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American Animals review - true crime in a whole new light


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Verdict: Bart Layton's new crime drama American Animals takes an innovative approach to the genre and the idea of truth, with some dazzling performances from its main cast.

“This is not based on a true story. This is a true story.”

Four average students plan and carry out a grand-scale heist of a twelve-million-dollar book from their college library. Despite sounding like a story conjured up in someone’s imagination, American Animals’ shocking plot is all too real for Warren, Spencer, Chas and Erik, who, after their desire for excitement spirals out of control, are forced to face reality. As the opening lines suggest, this story is their truth.

Writer/director Bart Layton makes a strong statement with the film’s opening lines; one that appears to challenge the creative license many ‘true life’ films are infamous for taking advantage of. In just a few words, American Animals establishes a level of self-awareness and an understanding of truth significantly more profound than many films of its type.

Told through four perspectives, the subjective nature of truth is broached. Each character has a different recollection of events and, as the film progresses, the real-life counterparts begin to question how far their own version of the truth has been influenced by the others'.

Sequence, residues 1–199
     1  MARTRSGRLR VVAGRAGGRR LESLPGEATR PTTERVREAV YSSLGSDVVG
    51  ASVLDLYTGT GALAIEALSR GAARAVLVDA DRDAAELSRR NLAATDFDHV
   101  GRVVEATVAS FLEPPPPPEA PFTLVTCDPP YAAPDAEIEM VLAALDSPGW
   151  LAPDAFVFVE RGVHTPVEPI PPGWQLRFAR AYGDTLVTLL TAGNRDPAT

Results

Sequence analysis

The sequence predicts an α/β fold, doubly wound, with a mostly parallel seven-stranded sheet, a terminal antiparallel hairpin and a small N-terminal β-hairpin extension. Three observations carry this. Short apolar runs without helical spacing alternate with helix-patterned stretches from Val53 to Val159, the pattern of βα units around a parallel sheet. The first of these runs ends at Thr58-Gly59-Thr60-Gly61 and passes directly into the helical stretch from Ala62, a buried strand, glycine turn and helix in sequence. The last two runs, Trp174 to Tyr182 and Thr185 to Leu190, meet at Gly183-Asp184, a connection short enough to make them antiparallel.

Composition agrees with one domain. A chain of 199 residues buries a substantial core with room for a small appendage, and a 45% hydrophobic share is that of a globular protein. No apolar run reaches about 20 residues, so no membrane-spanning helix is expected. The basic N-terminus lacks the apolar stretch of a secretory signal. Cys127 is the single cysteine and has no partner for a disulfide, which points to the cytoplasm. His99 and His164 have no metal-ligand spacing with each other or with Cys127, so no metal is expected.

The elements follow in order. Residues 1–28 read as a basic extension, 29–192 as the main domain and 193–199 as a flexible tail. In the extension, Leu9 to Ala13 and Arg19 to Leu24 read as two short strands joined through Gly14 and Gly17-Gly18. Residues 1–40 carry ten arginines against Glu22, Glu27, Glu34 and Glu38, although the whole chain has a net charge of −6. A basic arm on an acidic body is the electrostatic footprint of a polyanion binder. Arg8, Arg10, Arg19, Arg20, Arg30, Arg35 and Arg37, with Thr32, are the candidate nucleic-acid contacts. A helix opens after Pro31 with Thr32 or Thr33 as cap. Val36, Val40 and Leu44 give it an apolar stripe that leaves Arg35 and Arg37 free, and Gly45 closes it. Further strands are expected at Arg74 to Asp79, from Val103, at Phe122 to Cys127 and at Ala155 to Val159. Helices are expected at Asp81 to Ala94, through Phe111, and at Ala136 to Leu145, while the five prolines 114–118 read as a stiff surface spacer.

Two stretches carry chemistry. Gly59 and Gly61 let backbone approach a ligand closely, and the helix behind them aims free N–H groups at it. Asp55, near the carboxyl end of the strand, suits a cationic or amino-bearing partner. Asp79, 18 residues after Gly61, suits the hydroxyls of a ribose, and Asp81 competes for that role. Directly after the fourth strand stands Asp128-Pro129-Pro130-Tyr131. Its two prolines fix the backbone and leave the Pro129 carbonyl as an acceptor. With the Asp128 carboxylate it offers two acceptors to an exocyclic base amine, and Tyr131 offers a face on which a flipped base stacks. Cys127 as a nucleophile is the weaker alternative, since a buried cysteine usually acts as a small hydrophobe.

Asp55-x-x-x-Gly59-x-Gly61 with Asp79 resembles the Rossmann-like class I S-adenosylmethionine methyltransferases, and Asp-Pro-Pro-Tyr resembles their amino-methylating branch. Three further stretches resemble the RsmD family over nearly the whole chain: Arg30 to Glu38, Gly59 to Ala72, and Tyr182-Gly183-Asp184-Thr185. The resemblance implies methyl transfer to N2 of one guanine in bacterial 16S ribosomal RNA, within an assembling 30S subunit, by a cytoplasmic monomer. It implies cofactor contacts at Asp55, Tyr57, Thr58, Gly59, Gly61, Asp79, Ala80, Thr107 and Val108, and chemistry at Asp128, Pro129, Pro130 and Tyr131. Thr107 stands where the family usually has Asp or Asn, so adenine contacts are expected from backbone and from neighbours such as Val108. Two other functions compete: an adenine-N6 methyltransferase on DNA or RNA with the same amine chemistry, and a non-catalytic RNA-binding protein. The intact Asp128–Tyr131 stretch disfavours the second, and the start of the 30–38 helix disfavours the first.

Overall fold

Using both reconstruction and interviews, the director transitions so effortlessly between documentary and fiction styles that, like in the story itself, the lines between fantasy and reality are blurred. This, in turn, only highlights the notion that truth is formed rather than simply coming to existence.

The combination of these varying perspectives and modes of storytelling could have created an overly complex narrative but, due to the meticulous organization of events, the film remains highly coherent.

What this in fact provides is a fresh uniqueness to the crime drama genre. Although remaining as exciting and tense as fans of the genre would expect, the film finds a niche in its style that comes as a result of the presence of the real Warren, Spencer, Chas and Erik alongside the actors portraying them.

Although no direct interaction takes place (aside for in one scene), it feels as though the characters are talking to their real-life muse throughout and acting accordingly. The result is four electrifying performances from Peters, Keoghan, Jenner and Abrahamson.

The actors are captivating on screen together. Every heightened emotion is palpable, and, despite their wrong doings, there remains a great level of empathy towards the boys. Whilst each of them has a different degree of involvement with the heist, it is clear that they are not completely immoral. Rather, they are simply four schoolkids caught up in a fantasy-turned-nightmare.

The film comes together at a calculated pace, one that starts off as slow as the life Spencer wants to change but accelerates, until reality catches up with it.

As the film comes to an end, viewers are posed one final angle of the truth as the real-life Warren claims they’ll have to take his word for it.

An electrifying and tense journey, American Animals is an innovative approach to the true-life crime drama. Clearly influenced by his documentary filmmaking roots, director Bart Layton effortlessly blends filmic styles, filling a niche the genre didn’t know it had and making for an unmissable viewing experience.

American Animals is out now, distributed by The Orchard.

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